6. Not Logging Condiments and Sauces
Salad dressings, ketchup, butter, mayonnaise, and other condiments can be calorie dense. Don’t forget to include these in your food log, even if you’re just using a small amount.
|Condiment and Sauces||Serving||Calories|
|Balsamic Vinegar 1 tablespoon (16 g)||16 gm||14 cal|
|Barbecue Sauce 1 tablespoon (17 g)||17 gm||29 cal|
|Basil Pesto 1/4 cup||1/4 cup||263 cal|
|Bechamel Sauce 0.5 cup (125 g)||125 g||131 cal|
7. Neglecting Cooking Oils
Cooking oil is a plant or animal liquid fat used in frying, baking, and other types of cooking. Oil allows higher cooking temperatures than water, making cooking faster and more flavorful, while likewise distributing heat, reducing burning and uneven cooking.
Cooking oils are calorie-dense, and the amount used in cooking can add up. Measure or estimate the oil you use for cooking and include it in your tracking.
|Almond Oil||1 teaspoon (5 g)||45|
|Argan Oil||1 portion (8 g)||72|
|Bacon Grease||1 teaspoon (5 g)||39|
|Beef Tallow||1 tablespoon (12.8 g)||115|
|Butter||1 tablespoon (14 g)||102|
|Butter Oil||1 tablespoon (15 g)||131|
|Canola Oil||1 tablespoon (14 g)||124|
|Chicken Fat||1 tablespoon (12.8 g)||115|
8. Ignoring Snacking
It’s easy to forget about snacks or small bites throughout the day. Keep track of all your snacks, including those handfuls of nuts or chips. A snack portion should be enough to satisfy but not so much that it interferes with your appetite for a meal or adds too many calories. Even a small amount of snack can be high in calories.
|Chocolate Chip Cookie||1||195|
9. Failing to Account for Variability
Not all food is created equal. For example, the calorie content of fruits and vegetables can vary based on size and ripeness. Use a reliable food database or app that provides accurate nutritional information.
10. Overestimating Exercise Calories Burned
Many fitness trackers and apps overestimate the number of calories burned during exercise. It’s better to focus on the quality and consistency of your workouts rather than relying on these estimates.
11. Not Adjusting for Weight Loss Plateaus
As you lose weight, your calorie needs decrease. Failing to adjust your calorie intake can lead to weight loss plateaus. Recalculate your calorie needs periodically to continue making progress.
12. Ignoring Nutrient Quality
Not all calories are created equal. Focus on the quality of the foods you’re consuming, including their nutritional value. A calorie deficit achieved through a balanced diet is generally more sustainable and healthier than one achieved by eating highly processed, low-nutrient foods.
13. Not Listening to Your Body
Pay attention to your body’s hunger and fullness cues. Relying solely on calorie counting may cause you to ignore your body’s natural signals, leading to overeating or undereating.
14. Setting Unrealistic Goals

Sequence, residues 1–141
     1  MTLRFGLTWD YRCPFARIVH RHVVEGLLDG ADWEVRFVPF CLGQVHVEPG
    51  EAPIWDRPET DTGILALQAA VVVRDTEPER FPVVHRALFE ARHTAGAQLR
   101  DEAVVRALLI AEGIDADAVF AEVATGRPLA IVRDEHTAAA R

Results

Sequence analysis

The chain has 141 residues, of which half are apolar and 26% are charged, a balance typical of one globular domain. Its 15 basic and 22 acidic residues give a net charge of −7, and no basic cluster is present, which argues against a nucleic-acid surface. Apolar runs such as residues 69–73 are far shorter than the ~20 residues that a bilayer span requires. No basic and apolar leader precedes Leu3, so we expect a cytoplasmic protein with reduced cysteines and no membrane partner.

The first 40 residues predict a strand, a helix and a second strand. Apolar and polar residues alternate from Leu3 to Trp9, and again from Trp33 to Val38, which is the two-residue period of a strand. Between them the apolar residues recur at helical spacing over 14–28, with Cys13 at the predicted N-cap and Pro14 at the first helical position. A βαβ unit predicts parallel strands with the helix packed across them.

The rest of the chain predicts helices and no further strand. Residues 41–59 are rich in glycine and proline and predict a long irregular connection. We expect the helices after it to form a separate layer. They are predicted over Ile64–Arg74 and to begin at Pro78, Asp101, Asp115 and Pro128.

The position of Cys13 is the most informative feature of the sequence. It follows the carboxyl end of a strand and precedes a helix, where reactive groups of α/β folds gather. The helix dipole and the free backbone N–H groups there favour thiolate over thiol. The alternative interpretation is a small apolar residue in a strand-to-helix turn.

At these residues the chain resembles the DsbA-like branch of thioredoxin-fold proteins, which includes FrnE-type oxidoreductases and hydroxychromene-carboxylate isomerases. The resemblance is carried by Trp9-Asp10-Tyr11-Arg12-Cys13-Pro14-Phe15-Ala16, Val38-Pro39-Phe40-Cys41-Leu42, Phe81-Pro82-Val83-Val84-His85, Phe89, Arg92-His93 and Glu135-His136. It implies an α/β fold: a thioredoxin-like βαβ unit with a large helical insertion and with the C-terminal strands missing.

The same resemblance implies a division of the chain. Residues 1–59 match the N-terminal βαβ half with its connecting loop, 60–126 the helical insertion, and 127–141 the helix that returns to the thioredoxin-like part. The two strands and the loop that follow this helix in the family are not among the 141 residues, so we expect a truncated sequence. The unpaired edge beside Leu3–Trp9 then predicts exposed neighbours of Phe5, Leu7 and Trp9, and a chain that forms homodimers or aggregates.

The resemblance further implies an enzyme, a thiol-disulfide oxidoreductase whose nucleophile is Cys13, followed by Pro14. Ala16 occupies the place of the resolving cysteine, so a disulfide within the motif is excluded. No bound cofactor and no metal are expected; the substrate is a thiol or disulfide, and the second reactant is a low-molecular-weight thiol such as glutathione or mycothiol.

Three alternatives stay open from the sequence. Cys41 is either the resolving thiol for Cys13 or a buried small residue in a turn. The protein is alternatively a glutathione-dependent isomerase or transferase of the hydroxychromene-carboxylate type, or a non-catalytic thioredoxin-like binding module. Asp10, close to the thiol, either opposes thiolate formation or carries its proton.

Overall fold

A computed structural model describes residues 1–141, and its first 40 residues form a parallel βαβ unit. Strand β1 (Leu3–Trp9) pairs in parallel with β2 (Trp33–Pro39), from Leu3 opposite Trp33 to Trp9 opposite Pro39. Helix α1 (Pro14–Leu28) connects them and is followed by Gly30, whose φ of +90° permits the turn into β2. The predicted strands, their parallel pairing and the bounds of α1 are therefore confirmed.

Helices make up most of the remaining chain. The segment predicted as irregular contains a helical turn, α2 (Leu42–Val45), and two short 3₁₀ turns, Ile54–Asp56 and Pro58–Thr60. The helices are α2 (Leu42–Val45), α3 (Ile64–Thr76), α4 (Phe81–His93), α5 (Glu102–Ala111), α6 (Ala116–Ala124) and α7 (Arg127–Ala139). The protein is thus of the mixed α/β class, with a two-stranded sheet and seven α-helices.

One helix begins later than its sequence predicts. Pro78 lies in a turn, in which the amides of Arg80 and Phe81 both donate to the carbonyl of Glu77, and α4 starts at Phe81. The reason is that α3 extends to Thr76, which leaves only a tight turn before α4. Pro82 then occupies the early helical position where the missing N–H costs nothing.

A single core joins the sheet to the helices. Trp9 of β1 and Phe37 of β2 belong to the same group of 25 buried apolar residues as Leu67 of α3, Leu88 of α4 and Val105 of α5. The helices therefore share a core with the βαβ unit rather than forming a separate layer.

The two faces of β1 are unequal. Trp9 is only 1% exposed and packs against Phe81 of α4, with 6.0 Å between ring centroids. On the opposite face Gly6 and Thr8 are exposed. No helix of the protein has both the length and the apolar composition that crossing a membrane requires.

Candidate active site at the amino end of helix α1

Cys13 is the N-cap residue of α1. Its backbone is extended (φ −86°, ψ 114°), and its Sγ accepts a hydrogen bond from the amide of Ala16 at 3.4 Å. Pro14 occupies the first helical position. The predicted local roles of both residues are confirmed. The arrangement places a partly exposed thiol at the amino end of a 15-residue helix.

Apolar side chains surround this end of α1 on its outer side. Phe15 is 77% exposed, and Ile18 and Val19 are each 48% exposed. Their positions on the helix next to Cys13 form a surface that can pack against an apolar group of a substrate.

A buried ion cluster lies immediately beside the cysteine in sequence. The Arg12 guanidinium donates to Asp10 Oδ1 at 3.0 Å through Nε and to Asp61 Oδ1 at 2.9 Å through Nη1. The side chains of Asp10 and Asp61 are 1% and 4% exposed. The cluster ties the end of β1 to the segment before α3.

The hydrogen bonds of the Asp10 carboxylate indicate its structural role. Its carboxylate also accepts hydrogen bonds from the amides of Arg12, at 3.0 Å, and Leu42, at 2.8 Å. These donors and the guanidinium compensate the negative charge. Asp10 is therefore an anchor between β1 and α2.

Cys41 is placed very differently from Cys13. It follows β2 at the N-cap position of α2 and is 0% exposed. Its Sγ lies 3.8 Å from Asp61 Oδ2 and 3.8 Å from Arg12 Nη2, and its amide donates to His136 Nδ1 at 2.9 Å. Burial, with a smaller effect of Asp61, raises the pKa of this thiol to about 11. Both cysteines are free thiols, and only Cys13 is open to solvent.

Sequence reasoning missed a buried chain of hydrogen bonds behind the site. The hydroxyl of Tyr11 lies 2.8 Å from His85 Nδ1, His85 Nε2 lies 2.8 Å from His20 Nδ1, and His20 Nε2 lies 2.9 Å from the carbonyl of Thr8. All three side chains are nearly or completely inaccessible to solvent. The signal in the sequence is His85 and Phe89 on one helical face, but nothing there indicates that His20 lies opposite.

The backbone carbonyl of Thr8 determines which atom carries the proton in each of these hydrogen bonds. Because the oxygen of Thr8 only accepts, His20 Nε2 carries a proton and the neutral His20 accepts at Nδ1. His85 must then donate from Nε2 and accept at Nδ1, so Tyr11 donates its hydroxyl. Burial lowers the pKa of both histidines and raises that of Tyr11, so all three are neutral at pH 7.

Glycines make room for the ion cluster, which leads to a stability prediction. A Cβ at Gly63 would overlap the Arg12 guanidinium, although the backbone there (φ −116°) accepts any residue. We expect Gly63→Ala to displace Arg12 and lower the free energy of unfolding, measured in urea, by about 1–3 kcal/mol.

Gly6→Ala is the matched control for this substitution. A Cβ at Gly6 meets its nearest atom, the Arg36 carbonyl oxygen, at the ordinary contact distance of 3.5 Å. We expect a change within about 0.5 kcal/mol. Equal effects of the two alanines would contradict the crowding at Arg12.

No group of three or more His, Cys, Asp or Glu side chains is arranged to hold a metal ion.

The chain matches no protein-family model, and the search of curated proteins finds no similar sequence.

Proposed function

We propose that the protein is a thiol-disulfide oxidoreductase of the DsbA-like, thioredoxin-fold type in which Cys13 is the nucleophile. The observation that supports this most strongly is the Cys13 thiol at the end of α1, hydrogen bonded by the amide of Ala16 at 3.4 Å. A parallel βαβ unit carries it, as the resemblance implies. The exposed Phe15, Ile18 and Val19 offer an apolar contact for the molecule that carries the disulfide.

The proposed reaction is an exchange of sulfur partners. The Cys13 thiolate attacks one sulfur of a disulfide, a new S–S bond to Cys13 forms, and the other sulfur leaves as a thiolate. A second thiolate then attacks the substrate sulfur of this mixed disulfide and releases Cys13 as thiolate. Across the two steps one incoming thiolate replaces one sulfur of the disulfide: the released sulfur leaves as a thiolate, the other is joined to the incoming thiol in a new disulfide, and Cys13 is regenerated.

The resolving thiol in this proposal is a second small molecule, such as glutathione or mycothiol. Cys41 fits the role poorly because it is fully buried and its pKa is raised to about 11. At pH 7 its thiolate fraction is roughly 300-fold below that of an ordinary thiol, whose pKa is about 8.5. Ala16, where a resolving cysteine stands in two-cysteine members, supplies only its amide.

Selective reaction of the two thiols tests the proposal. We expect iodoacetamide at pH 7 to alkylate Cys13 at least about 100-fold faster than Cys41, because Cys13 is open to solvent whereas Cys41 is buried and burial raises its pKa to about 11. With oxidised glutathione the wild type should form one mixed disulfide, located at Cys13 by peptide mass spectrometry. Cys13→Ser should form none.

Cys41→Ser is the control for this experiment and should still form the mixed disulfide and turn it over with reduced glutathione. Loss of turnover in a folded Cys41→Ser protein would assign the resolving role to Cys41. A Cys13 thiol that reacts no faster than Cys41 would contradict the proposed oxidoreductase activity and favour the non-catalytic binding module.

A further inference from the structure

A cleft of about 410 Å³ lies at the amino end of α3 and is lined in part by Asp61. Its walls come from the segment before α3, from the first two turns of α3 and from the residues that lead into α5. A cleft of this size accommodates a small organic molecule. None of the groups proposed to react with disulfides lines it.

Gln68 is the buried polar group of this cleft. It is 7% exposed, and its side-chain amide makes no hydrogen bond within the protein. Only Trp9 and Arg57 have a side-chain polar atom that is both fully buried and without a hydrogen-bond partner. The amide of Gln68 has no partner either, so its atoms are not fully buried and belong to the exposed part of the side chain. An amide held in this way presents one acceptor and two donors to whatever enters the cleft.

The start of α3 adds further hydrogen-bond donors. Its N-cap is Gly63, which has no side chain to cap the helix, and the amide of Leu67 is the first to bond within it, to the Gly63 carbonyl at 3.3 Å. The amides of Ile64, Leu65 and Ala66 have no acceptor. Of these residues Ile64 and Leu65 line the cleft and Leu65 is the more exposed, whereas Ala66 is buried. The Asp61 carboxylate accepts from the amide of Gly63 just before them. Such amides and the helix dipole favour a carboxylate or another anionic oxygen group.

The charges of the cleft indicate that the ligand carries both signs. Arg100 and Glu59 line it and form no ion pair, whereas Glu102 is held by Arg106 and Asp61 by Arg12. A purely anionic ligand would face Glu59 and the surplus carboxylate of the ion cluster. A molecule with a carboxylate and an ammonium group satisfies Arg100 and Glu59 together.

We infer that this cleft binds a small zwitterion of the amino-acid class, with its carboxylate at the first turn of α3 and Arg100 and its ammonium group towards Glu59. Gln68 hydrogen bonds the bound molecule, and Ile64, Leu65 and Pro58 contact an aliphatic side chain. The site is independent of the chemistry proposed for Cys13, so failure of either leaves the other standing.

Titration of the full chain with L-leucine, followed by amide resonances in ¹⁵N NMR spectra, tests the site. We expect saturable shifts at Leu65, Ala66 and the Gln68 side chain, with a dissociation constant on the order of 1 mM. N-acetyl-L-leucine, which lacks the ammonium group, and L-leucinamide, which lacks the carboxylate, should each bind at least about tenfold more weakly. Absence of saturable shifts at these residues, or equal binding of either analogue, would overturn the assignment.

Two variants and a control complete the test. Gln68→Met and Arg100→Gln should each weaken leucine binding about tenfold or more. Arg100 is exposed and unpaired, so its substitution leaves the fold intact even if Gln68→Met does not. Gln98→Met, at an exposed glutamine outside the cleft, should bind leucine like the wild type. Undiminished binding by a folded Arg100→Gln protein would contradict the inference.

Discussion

Setting extremely low-calorie goals or aiming for rapid weight loss can be unsustainable and unhealthy. Consult with a healthcare professional to set realistic and safe goals.
How to Avoid Common Mistakes While Tracking Food and Calories?
To avoid these common mistakes, it’s essential to approach food tracking as a tool for awareness rather than an end to itself. Use it to develop healthy eating habits and make informed choices about your diet. If you’re uncertain about your calorie needs or have specific dietary goals, consider consulting with a nutritionist or fitness trainer for personalized guidance.
Be honest with yourself and do not forget to log occasional treats and cheat meals.
Please contact me Abhinav Malhotra to learn what I and my team AbhiFit can do for you through personal training and nutrition services. We train kids, teens, adults, elders, athletes and models in Dubai and online across the UAE and around the world. We help our clients achieve their fat loss, weight loss, muscle gain, strength gain, rehab, figure / physique transformation & healthy living goals.
Many female and male clients including kids, teens, adults and elderly people have greatly benefited from Abhinav’s strong experience as the best personal trainer and nutritionist in Dubai, UAE. You can see some of our client transformations here here.
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- Beverages, carbonated, cola FoodData Central (usda.gov)
- Oil FoodData Central (usda.gov)
- Orange juice, canned, unsweetened, 1 cup – Health Encyclopedia – University of Rochester Medical Center
- Grape juice – FoodData Central (usda.gov)
- Fruit punch by TWISTER nutrition facts and analysis. (nutritionvalue.org)
- Lemonade: Nutrition: Starbucks Coffee Company
- Sports drink (Powerade) nutrition facts and analysis. (nutritionvalue.org)
- “Dietary Guidelines for Americans” by the U.S. Department of Health and Human Services and U.S. Department of Agriculture: https://www.dietaryguidelines.gov/
- Sauces, Gravy, Dressing & Spreads: Calories & Calorie Chart
- Oils & Fats: Calories & Calorie Chart
- The Science of Snacking | The Nutrition Source | Harvard T.H. Chan School of Public Health
- “Caloric Balance Equation” by the Centers for Disease Control and Prevention (CDC): https://www.cdc.gov/healthyweight/calories/index.html
- Overview of Dietary Assessment Methods for Measuring Intakes of Foods, Beverages, and Dietary Supplements in Research Studies https://www.ncbi.nlm.nih.gov/pmc/articles/PMC8338737/
- “Dietary Assessment Primer” by the National Cancer Institute: https://dietassessmentprimer.cancer.gov/
Abhinav Malhotra is an award-winning personal trainer, coach and sports nutritionist in Dubai, UAE. He also offers online services to clients around the world. A personal trainer par excellence, Abhi has worked with the world’s leading fitness chains, supplement brands and founded his own fitness academy in India. He has achieved successes for many clients from all backgrounds and has trained the Indian Army Rugby Team. He is the first International Kettlebell Sport athlete from India.